Single-sex versus co-education - which is best? | Portsmouth High School

Single-sex versus co-education – which is best?

Once again there have been a flurry of articles in the media about single-sex education versus co-ed, partly sparked by the new President of the Girls’ School Association Alun Jones, headmaster of St Gabriel’s, comment that the diamond system of co-ed primary and sixth form and separated lessons between 11-16 is the best model.  It is of no surprise that Mr Jones made this remark as his own school has fairly recently moved towards this model.

I read a few of the various missives but I have to say I tire of some of the same old argument.  An anonymous writer in the Telegraph, described as an English teacher at a top boarding school, pretended to put both sides of the debate but in reality his opinion was truly in the co-ed camp.  I was irritated, in particular, because he claimed without any evidence whatsoever that “There is also some evidence that, once teenagers from single-sex school move on to university, a totally co-ed environment, they overcompensate for previous restrictions and veer out of control: in the shape of excessive partying and, sometimes, over-promiscuous behaviour as undergraduates”.  There is no concrete evidence to support this wild claim and in fact my own experience gathered from years of teaching at single-sex schools and keeping in touch with former pupils is that students educated in a single-sex school tend to be the absolute opposite; their self-belief and confidence means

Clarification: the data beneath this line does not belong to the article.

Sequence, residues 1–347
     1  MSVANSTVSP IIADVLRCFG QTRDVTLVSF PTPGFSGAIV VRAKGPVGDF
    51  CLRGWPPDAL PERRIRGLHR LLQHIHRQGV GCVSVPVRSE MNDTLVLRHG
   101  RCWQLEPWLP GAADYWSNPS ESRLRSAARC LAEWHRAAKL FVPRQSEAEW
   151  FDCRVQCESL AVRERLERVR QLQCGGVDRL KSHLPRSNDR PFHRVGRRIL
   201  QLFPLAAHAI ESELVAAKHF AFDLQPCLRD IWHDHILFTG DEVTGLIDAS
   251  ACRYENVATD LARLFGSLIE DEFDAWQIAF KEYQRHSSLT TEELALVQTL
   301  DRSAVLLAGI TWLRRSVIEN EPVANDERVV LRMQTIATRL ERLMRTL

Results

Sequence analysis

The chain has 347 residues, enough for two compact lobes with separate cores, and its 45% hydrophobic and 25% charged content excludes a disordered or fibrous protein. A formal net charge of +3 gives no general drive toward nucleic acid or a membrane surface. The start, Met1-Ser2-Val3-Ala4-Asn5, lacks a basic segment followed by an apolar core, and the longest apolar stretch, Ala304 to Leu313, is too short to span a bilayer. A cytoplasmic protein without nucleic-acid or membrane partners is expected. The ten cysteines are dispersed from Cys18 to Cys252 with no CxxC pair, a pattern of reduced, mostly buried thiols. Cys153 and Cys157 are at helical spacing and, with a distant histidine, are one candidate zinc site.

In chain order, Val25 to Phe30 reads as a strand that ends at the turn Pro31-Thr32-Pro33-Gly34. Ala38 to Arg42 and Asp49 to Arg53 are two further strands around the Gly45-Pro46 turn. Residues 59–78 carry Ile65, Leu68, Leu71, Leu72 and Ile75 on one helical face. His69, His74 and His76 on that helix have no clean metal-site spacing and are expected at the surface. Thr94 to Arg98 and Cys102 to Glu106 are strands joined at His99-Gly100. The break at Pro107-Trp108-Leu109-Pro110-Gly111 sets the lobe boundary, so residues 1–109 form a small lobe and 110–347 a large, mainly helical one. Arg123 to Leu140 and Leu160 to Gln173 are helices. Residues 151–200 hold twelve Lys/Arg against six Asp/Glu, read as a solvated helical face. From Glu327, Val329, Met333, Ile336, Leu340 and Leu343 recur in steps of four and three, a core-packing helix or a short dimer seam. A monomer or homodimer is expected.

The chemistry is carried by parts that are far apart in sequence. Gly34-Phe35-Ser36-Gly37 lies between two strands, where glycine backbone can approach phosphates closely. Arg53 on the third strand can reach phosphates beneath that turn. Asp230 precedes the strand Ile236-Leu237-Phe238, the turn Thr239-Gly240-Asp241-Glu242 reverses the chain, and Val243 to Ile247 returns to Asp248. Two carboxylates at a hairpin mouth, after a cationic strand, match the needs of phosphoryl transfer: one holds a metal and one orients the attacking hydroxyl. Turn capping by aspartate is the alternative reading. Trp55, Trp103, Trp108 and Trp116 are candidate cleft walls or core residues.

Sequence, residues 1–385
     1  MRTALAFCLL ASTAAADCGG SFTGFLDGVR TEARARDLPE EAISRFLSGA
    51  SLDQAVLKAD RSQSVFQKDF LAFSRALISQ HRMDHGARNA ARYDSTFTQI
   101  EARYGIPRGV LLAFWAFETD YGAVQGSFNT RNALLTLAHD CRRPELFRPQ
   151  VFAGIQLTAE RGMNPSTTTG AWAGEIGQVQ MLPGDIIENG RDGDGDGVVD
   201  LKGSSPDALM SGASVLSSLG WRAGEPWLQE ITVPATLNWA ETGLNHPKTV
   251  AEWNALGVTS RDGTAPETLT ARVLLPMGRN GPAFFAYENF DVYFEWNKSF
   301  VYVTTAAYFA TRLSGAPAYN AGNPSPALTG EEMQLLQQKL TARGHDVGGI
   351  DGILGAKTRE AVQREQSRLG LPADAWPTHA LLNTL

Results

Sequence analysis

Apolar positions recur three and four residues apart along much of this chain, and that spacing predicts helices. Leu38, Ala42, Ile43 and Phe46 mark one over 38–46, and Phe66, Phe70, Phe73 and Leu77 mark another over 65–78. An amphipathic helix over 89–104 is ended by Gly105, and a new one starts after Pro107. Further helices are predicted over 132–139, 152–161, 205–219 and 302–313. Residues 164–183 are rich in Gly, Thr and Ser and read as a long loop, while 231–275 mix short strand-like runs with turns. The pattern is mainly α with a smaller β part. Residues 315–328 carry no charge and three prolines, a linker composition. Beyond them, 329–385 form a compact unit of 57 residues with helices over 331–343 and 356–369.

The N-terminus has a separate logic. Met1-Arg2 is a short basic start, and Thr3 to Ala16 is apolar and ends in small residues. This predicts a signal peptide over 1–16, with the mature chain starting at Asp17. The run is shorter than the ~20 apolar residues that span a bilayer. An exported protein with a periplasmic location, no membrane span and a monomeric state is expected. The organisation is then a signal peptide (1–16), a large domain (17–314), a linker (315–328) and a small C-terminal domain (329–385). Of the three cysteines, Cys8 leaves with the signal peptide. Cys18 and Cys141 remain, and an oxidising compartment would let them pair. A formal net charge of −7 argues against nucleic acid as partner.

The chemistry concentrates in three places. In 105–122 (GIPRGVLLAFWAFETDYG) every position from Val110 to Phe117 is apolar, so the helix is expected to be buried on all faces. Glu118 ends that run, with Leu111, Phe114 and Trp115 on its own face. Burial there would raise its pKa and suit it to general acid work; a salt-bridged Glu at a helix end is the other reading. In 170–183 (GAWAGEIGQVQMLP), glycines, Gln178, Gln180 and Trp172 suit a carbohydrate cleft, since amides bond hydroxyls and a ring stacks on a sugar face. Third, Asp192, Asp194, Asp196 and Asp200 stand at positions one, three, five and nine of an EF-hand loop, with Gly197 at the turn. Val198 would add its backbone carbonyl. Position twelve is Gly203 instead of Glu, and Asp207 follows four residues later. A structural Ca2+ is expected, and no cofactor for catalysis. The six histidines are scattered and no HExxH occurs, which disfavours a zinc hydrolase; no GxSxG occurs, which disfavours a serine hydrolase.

they do not need to prove themselves by excessive partying or loose morals. This same teacher rather dismisses the excellent academic achievements of single-sex schools and says that grades “a notch or two” lower in co-ed environments are worth it.  I suppose it depends on the definition of a notch or two but if he means grades then I would find that rather concerning if my daughter was in his school.

The truth of the matter is that it is hard to measure, other than through examination results, whether one system is better than another.  What I do know, however, is that the girls at PHS and schools like this make friends for life which was rather grudgingly acknowledged by one journalist who admitted her closest friends were made at her all-girls school. Furthermore our girls enjoy their school days very much. They also do exceptionally well academically and develop a confidence and poise that means they cope very well in life.  Those who criticise single-sex schools muddle the fact that just because girls and boys may be schooled separately they have not entered a parallel universe where they never socialise with the opposite sex or exist outside of the school day.